There are a few different ways to create a chord progression. I am going to assume you understand the use of Roman numerals to represent chords: I, ii, iii, IV, etc.
The first thing to notice is that the V chord has a strong pull to the I chord. V7 has an even stronger pull.
Functional Harmony In Major Keys:
You can thwart the expectation that V will go to I, by having it go to vi or to IV.
I, vi, ii or IV can lead to V
I or vi can lead to ii or IV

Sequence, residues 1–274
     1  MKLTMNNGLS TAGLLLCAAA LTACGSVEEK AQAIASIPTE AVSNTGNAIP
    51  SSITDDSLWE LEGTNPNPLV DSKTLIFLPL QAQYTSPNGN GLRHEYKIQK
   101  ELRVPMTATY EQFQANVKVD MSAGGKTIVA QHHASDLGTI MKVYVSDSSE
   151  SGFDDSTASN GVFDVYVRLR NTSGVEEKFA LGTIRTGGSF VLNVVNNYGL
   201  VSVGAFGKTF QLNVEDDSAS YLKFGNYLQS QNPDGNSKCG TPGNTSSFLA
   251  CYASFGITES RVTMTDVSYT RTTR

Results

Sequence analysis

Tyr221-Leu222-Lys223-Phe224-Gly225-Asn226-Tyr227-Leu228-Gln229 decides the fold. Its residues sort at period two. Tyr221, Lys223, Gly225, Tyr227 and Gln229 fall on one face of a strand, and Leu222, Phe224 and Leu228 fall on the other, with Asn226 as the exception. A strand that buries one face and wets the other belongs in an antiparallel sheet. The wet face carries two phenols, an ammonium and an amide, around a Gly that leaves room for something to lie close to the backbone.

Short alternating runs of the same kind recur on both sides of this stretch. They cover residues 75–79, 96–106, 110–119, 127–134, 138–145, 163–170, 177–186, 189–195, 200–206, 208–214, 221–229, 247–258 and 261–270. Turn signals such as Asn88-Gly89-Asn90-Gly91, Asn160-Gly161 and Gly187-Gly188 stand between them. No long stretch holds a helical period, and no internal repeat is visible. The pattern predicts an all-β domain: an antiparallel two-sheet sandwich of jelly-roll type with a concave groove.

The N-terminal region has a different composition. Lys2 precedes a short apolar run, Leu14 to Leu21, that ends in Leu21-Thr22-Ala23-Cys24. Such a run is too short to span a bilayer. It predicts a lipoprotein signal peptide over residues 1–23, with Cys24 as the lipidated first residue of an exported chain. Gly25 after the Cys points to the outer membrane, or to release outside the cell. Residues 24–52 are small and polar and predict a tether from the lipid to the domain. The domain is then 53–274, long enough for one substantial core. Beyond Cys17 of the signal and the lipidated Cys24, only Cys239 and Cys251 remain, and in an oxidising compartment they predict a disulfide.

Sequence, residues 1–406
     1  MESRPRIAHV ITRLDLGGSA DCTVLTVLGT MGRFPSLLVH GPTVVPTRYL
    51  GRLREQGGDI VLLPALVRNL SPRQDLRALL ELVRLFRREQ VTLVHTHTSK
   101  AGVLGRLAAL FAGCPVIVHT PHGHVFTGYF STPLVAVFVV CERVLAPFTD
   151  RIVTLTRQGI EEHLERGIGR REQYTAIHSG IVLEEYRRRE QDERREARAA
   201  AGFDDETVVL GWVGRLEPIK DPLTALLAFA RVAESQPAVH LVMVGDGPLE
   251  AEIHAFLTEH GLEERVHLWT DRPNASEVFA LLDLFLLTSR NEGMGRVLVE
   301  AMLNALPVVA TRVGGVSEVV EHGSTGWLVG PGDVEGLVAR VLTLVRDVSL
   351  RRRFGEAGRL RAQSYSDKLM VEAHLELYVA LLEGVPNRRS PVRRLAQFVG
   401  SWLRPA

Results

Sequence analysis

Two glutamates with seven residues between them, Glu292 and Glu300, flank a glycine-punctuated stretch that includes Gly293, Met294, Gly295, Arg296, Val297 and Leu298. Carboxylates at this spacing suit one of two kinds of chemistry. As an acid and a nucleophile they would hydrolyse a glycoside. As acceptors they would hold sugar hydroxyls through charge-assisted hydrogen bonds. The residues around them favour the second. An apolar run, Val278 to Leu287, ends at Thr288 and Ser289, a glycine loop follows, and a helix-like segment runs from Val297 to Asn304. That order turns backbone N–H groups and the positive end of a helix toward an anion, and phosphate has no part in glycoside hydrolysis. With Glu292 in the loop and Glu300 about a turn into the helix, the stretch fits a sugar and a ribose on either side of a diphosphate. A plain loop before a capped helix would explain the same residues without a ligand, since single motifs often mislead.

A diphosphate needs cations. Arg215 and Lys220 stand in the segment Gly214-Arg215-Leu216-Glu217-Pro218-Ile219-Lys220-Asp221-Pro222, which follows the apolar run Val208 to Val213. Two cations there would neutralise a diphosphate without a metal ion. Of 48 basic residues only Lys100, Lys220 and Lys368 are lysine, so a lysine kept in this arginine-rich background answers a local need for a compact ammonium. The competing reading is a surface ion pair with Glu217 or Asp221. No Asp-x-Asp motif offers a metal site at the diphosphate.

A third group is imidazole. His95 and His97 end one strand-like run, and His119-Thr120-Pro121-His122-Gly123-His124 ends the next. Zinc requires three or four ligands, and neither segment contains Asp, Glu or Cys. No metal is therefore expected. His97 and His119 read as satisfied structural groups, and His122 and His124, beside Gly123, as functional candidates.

IV can lead to ii
I can also lead to iv
For example, in the ’50’s, a popular progression was: I, vi, IV, V
Another example would be: I, IV, ii, V7, I
Here is a functional harmony chart that outlines what I wrote above:
When moving rightward on the chart, you can skip as many chords as you wish. Follow the arrows when moving leftward.
Another approach is to create a sequence.
This where you move around the circle of fifths in even steps.
For example, if I started with an E chord, I could go counterclockwise: E A D G C
or go clockwise: C G D A E. IIRC, that’s the progression to “Hey Joe”.
For a more exotic sounding progression, you can skip a couple of steps: E G Bb Db
Hopefully, this will keep you busy for a while.
©2016 Stephen L. Martin
Painting: Music by Henri Matisse